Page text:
#output

#array('i', [20, 30, 10, 20])

Conclusion

And there you have it - you now know the basics of how to create arrays in Python using the array module. Hopefully you found this guide helpful.

Thanks for reading and happy coding!

#python #programming 

Try These Steps for Increasing Privacy and Security on Windows 10

Note: Some versions of Windows 10 may not show all the following settings.

Sure, Windows 10 comes with some built-in security features like Windows Defender. But this should not be seen as a cure-all for all the dangers of today’s internet. Instead, consider these tips for upping your Windows security even more.

1. Use a password rather than a PIN for local accounts.

Whether you use a local account or a Microsoft one, make sure you use a strong, alphanumeric password.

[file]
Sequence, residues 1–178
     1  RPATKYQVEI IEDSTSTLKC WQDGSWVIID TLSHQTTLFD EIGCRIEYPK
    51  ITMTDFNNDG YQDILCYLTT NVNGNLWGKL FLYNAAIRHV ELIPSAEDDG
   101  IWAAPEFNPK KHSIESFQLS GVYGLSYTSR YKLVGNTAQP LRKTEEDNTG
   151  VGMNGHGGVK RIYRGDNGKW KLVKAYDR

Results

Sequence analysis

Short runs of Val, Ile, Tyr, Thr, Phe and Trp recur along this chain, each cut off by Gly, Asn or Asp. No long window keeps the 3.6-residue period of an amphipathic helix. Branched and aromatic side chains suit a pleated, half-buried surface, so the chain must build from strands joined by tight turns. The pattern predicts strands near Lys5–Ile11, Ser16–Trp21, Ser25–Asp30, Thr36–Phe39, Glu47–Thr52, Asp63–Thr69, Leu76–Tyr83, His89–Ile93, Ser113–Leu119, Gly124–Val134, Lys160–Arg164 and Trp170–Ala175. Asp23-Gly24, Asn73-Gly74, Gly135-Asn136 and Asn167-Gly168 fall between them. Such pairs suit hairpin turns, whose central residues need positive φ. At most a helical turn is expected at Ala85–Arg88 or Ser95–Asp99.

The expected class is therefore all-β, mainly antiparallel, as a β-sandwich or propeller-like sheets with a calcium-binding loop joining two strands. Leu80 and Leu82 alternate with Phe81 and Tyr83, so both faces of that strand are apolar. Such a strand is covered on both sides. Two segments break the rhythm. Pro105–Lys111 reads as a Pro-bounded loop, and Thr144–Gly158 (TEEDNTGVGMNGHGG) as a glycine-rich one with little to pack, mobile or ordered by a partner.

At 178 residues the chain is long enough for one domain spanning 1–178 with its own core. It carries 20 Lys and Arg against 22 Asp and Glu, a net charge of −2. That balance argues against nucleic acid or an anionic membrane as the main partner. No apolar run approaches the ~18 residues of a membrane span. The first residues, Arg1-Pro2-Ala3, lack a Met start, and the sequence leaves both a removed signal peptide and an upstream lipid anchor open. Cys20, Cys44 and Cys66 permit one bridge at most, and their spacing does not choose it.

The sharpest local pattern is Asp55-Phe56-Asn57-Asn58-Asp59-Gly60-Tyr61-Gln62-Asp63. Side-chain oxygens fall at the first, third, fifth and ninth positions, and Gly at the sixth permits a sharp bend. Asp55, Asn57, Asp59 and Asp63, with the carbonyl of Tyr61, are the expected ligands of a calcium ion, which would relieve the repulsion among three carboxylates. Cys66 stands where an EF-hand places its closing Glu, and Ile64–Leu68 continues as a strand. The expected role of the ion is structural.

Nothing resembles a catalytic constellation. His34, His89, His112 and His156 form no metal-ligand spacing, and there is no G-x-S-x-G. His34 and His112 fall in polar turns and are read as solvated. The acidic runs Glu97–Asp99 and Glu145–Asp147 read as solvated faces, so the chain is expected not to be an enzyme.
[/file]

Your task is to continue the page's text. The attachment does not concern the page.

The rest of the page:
2. You don’t have to link your PC to a Microsoft account.

Create a local account instead. This prevents sharing data about local accounts, though at the expense of being able to share data across devices.

How: Settings > Accounts > Sign in with a local account instead

3. Randomize your hardware address on WiFi.

Enabling random hardware addresses reduces a user’s exposure to tracking across different WiFi networks. Note: not all devices support this function.

How: Settings > Network & Internet > Wi-Fi

#security #windows #cybersecurity #operating-systems #windows-security #privacy #hackernoon-top-story #windows-10